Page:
Once again, conspiracy feminists are at the forefront of this movement. Just as feminist psychologists persuaded children that they had been abused, so women’s activists have persuaded many young women that what they might have dismissed as a foolish drunken hookup was actually a felony rape. “Believe the children,” said the ritual abuse experts during the day care scare. “Believe the survivors,” say today’s rape culturalists. To not believe an alleged victim is to risk being called a rape apologist.

Some will say that these moral panics, while overblown, do call attention to serious problems. This is deeply mistaken. The hysteria around daycare abuse and campus rape shed no light: rather they confuse and discredit genuine cases of abuse and violence. Molestation and rape are horrific crimes that warrant serious attention and vigorous response. Panics breed chaos and mob justice. They claim innocent victims, undermine social trust, and teach us to doubt the evidence of our own experience.

E.M. Forster said it best in A Passage to India, referring to a panic among “good citizens” following a highly dubious accusation of rape: “Pity, wrath, and heroism filled them, but the power of putting two and two together was annihilated.”

(You can read more opinions in TIME’s special report: Ending Campus Sexual Assault and get the full story in this week’s cover article by Eliza Gray: The Sexual Assault Crisis on American Campuses.)

TIME Sexual Assault

Kirsten Gillibrand: ‘We Will Not Allow These Crimes to Be Swept Under the Rug Any Longer’

Kirsten Gillibrand
Kirsten Gillibrand Charles Dharapak—AP

Kirsten Gillibrand is a United States Senator from New York.

After a long and hard-fought effort to reform the military justice system, my office was approached by two extraordinary young women. They told me a story similar to what I had heard over and over from our brave men and women in uniform.

They were survivors of sexual assault. And after enduring horrific acts of sexual violence, they were then betrayed by their schools when they tried to report their assaults.

But these students refuse to be denied justice. So they organized across the country to hold their colleges and universities responsible. And they are increasingly speaking out, reliving the worst moments of their lives to total strangers and the media in the hope that other young women won’t suffer the same fate.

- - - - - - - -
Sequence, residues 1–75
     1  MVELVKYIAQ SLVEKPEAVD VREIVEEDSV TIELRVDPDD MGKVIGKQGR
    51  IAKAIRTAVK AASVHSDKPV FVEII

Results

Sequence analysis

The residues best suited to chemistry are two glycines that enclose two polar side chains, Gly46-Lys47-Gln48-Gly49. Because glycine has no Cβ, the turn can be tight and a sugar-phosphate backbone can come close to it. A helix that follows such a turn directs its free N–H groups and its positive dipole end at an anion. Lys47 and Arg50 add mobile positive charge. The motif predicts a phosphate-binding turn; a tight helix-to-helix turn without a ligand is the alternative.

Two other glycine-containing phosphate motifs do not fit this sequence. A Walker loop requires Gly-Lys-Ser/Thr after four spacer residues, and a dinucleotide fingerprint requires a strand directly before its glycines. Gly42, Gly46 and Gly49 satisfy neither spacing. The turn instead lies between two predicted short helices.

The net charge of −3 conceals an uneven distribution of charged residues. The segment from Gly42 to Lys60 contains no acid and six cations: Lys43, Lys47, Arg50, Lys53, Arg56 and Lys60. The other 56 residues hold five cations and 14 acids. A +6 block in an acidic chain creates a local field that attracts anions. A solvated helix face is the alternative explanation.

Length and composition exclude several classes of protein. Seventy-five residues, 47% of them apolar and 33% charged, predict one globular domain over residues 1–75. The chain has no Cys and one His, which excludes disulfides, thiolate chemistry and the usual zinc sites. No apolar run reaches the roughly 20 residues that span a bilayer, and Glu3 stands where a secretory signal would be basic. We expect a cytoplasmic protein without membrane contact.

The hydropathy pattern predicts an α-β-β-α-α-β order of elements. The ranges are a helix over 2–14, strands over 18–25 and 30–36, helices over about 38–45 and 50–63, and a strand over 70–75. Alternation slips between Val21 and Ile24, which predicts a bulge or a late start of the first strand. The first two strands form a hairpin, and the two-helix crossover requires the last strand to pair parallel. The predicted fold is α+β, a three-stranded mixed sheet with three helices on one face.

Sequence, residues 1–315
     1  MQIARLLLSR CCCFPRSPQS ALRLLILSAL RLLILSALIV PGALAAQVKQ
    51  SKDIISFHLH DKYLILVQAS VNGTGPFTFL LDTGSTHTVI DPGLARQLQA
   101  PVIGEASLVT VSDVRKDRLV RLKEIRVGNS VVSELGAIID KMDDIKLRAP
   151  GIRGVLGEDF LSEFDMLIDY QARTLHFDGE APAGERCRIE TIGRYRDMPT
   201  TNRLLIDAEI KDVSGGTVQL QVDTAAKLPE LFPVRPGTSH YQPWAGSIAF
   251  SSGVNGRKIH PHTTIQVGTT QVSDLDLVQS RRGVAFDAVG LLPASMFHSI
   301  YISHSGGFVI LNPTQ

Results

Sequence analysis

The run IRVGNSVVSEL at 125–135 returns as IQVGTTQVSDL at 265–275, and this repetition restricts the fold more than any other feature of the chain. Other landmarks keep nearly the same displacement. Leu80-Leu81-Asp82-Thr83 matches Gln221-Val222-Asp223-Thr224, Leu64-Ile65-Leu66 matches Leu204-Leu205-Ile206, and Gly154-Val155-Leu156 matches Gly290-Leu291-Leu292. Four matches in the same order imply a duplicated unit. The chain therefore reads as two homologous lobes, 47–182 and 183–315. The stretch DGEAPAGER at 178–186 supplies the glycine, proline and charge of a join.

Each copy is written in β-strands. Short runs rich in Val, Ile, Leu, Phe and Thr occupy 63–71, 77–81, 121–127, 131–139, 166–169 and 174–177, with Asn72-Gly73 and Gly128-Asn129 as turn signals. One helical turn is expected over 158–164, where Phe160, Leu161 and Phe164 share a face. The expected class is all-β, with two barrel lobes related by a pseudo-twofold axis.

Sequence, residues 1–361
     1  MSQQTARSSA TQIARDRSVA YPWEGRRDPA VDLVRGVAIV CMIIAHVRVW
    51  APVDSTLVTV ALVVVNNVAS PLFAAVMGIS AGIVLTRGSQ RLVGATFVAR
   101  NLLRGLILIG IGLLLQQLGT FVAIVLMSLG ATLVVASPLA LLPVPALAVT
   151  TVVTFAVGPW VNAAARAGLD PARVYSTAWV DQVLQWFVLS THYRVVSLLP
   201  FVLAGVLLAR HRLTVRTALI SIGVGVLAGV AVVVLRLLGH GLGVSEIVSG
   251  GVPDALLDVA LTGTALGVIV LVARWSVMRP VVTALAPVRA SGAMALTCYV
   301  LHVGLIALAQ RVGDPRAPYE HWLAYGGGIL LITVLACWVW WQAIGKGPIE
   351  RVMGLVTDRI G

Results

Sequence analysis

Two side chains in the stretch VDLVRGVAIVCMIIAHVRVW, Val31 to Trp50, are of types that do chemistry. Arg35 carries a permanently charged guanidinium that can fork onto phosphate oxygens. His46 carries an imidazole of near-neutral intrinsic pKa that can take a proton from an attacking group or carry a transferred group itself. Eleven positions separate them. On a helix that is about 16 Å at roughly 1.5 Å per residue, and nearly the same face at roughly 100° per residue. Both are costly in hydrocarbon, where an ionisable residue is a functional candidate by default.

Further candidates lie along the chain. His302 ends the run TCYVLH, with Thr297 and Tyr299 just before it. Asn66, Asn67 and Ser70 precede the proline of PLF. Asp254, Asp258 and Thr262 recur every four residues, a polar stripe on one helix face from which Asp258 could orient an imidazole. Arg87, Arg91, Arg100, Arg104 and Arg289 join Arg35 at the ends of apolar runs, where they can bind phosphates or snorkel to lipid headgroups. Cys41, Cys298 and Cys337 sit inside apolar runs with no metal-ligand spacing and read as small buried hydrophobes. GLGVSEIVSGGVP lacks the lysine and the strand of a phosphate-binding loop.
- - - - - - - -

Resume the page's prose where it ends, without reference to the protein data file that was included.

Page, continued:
That is the definition of courage. I cannot tell you how inspiring these women are to me personally, and I feel a responsibility to act on their behalf because the price of a college education should never include a one in five chance of being sexually assaulted.

We should never accept the fact that women are at a greater risk of sexual assault as soon as they step onto a college campus. But today they are. And it has to end.

Part of the problem is a pure lack of understanding of the true nature of campus sexual assault. These are not dates gone bad, or a good guy who had too much to drink. This is a crime largely perpetrated by repeat offenders, who instead of facing a prosecutor and a jail cell, remain on campus after a short-term suspension, if punished at all.

Another issue is that colleges and universities across the country would prefer not to acknowledge they have a problem for obvious public relations reasons. The current lax oversight has the perverse effect of incentivizing colleges to encourage non-reporting, under-reporting and non-compliance with the already weak standards under current federal law.

Our goal should be to increase the abysmally low reporting rates for sexual assaults on campus and make it in the school’s immediate best interest to take proactive steps to protect their students and rid their campuses of sexual predators. The best way to accomplish this goal is through transparency and accountability to flip the incentives that currently reward keeping sexual assault in the shadows.